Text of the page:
In summary, as in the Confucian nations cited in previous weeks, it seems that the purpose of these laws is to preserve social stability, but from a very different mindset from either East Asia or the western world.  Another important consideration is the degree of secularization in any given nation, thus a country like Indonesia, where Mr. Obama spent several years in his youth, should have different custody laws than any of the four nations cited above.



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Child Custody in India

In case the link is no longer active, go to the above website and type “child custody” in their search bar: it’s from 4/11/16.

*This is a continuation of child custody in major nations.  India is the only major nation I haven’t visited, or lived in for considerable time.  They include China, Japan, Indonesia, Russia, the UK, France, Germany and Spain.

*It is very important because demographers predict it will have the world’s largest population, surpassing China sometime this century. It has also recently modernized its economy under Prime Minister Modi and even has a realistic goal of surpassing the US in national Wi-Fi coverage.

*As an Asian nation, most in the West might presume they are a male-dominated nation.  If so, like Japan and China, it doesn’t extend to child custody.  This case, while giving a token mention of the importance of both parents, gave the father very little parenting time.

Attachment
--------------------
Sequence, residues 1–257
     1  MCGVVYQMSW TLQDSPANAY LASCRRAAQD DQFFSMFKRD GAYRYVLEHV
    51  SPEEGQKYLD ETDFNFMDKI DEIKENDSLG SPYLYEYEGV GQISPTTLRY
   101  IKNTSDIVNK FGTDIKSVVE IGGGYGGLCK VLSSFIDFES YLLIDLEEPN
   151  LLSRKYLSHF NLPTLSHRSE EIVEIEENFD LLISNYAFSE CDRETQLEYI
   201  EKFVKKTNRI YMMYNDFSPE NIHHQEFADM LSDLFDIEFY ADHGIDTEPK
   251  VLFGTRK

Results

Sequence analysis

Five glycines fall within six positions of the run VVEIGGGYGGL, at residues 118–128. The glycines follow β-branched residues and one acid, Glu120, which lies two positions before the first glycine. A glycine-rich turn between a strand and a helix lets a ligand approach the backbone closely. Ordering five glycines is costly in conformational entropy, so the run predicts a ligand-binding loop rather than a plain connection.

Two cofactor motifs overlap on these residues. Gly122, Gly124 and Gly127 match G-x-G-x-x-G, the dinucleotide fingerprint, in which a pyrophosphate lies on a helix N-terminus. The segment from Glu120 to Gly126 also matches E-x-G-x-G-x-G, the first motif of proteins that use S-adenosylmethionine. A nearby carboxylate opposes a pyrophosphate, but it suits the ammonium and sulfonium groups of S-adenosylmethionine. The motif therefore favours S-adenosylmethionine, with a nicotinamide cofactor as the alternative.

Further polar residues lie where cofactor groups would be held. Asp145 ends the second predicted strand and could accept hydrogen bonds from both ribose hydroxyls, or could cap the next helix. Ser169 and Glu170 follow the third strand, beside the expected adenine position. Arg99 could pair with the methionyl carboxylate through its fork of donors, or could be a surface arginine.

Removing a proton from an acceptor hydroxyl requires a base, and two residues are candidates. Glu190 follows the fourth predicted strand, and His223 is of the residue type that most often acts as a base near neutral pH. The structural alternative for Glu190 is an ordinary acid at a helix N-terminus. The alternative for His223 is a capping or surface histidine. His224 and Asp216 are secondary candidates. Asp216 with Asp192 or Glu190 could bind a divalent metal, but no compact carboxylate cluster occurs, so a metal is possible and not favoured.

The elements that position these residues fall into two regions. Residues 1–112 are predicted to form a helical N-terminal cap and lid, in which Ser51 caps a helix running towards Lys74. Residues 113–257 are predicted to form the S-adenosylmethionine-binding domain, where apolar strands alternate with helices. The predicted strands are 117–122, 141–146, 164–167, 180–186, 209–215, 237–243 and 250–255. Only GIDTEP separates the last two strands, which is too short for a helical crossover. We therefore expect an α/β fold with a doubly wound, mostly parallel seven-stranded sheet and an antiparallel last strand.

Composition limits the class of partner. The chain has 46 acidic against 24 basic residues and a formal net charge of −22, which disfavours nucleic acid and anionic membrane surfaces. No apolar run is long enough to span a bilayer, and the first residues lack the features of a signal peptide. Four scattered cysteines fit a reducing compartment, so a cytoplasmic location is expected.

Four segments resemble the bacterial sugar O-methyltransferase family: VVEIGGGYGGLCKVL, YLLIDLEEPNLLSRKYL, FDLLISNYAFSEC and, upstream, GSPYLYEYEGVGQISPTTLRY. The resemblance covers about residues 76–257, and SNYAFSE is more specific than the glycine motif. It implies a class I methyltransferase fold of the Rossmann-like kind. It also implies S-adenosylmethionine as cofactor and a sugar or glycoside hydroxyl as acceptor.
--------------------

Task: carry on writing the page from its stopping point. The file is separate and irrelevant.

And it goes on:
*Nevertheless, at least the Indian Supreme Court has made a statement on the importance of both parents.  I could find no such comments by the US Supreme Court, which appears to confine itself to international custody cases, rather than applying the equal protection clause of the 14th Amendment to child custody.

*There are four aspects to Indian society which would tend to make child custody a far less contentious issue there than in the US: arranged marriages, very important extended families, a very low divorce rate and much lower rates of geographic mobility.

*While I haven’t visited India, my daughter attended an elaborate three day wedding there.  One can imagine the vast social pressure extending from such an event, which might be enough on its own to keep a precarious marriage together in later years.

*In conclusion, although the vast majority of the Indian population are Hindus (hence the newspaper title), it is estimated to be up to 15 % Muslim.  In those families, a child custody case could follow very different parameters.  A future blog entry will touch on one or more Muslim nations.